One of the most impressive sights in Marrakech, the Koutoubia is one of the largest, most beautiful mosques in the western Muslim world. Its 225-foot tall minaret is a Hispano-Moresque masterpiece that is very similar to the Giralda of Seville.
El Bahia Palace was built in the late 19th century in a two-acre garden. It is a haphazard arrangement of secret luxury apartments opening to inner courtyards. For seven years around a thousand craftsmen from the Fez region worked on the palace. The only sections open to the public are the apartments of the sultan´s favorite concubine, the council chamber (with tiled walls and illuminated cedar wood ceiling) and the great central courtyard (paved with marble and decorated with zelliges and fountains).
The Saâdian Tombs with their delicate decorations and pure architectural lines are considered by many to be a beautiful feat of architecture. They were first built to house the tombs of the Saadian Sultan, Ahmed el Mansour. In 1591 the first “koubba” of this burial ground was built south of the Casbah.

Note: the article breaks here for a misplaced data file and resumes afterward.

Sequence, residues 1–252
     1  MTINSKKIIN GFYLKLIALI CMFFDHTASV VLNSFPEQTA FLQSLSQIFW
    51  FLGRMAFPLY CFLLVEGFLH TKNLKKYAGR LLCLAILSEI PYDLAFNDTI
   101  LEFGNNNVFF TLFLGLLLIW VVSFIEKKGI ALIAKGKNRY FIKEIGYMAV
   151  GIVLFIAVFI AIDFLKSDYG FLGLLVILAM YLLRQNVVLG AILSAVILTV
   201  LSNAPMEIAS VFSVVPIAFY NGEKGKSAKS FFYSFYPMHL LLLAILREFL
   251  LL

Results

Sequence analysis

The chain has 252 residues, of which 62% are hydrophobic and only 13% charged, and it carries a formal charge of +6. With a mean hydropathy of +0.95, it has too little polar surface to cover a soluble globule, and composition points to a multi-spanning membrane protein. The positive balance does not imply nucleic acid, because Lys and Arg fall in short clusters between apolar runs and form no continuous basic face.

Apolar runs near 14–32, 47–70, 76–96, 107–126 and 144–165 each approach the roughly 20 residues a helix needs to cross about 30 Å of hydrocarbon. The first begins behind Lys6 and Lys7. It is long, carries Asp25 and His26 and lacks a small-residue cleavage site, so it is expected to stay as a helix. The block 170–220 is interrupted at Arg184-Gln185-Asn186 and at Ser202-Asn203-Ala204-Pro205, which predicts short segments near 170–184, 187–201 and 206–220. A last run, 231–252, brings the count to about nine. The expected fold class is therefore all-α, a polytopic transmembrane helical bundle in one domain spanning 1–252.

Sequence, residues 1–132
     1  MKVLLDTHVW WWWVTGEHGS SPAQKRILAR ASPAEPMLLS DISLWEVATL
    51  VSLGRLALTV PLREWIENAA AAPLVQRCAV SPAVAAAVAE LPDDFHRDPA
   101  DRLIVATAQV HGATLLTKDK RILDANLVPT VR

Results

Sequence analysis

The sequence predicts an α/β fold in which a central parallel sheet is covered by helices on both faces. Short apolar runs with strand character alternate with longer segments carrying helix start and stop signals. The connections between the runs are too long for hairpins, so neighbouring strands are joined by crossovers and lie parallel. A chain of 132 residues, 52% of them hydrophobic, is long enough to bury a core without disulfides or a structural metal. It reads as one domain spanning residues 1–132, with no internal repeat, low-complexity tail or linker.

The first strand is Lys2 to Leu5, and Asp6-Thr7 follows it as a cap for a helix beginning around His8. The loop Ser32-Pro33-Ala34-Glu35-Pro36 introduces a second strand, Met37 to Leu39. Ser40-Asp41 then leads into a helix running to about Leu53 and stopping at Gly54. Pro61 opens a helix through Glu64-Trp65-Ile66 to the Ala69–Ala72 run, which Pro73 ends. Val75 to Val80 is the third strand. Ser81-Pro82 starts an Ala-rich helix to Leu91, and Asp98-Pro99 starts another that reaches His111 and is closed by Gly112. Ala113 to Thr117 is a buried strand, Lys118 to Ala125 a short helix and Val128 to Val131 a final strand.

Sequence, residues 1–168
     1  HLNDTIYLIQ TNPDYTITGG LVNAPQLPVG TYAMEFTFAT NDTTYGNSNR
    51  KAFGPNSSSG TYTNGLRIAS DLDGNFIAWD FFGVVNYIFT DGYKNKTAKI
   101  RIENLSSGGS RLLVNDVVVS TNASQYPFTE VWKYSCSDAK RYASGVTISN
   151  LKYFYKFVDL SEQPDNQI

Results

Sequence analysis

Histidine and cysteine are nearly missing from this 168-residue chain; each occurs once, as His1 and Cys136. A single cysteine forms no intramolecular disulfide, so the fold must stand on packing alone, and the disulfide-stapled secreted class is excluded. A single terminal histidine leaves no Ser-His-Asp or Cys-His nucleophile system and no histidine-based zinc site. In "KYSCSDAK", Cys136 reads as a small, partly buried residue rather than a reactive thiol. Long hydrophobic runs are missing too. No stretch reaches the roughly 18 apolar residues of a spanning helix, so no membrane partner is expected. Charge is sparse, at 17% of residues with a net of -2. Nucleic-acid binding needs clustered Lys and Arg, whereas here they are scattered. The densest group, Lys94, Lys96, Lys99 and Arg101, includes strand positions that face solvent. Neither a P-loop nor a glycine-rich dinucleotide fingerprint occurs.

At the base of the Atlas Mountains lie the Menara Gardens. Covering an area of 250 acres, they are full of olive trees surrounding a large central lake that dates back from the 12th century and is fed by a network of irrigation channels. At the water´s edge is a small Saadian pavilion. With the snow-covered peaks behind it, this is a breathtaking sight in the evening when it catches the golden rays of the setting sun.
To better discover Marrakech, enter an intricate maze of the narrow streets in the world of the souks. Protected from the sun by slatted awnings, you will find a variety of quarters established by craftsmen, according to a structured system of corporations. There are souks of basketwork, dried fruit, spices, clothes, wool, skins, Berber carpet, leatherwork, ironwork, jewelry and more! Some souks of note include the Rue du Souk Smarine which leads into the Place rahba Kedima, where a slave market was once held (it remains an important commercial site). There are also a few apothecary shops here and there.
Next, we will visit Djemaa El Fna. This traditional meeting place for peasants and merchants from the Sous region, the High Atlas and the South has become the heart of Marrakech. In the mornings this large square is crowded with fruit and spice sellers, guerrab with their leather water bottles and metal drinking cups, basket sellers, iron mongers and Barbers. In the afternoons come the Gnaoua dancers descended from former Guinean slaves, musicians, storytellers, snake charmers and entertainers with performing monkeys!